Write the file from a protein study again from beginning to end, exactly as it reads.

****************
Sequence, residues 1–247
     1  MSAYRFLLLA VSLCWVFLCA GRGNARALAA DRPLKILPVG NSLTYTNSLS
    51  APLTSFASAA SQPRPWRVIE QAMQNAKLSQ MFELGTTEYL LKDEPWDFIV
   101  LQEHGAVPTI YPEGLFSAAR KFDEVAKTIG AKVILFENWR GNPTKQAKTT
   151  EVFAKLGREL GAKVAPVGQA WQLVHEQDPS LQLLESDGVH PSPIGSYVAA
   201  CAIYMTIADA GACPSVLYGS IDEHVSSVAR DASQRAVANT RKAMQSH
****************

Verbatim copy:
Sequence, residues 1–247
     1  MSAYRFLLLA VSLCWVFLCA GRGNARALAA DRPLKILPVG NSLTYTNSLS
    51  APLTSFASAA SQPRPWRVIE QAMQNAKLSQ MFELGTTEYL LKDEPWDFIV
   101  LQEHGAVPTI YPEGLFSAAR KFDEVAKTIG AKVILFENWR GNPTKQAKTT
   151  EVFAKLGREL GAKVAPVGQA WQLVHEQDPS LQLLESDGVH PSPIGSYVAA
   201  CAIYMTIADA GACPSVLYGS IDEHVSSVAR DASQRAVANT RKAMQSH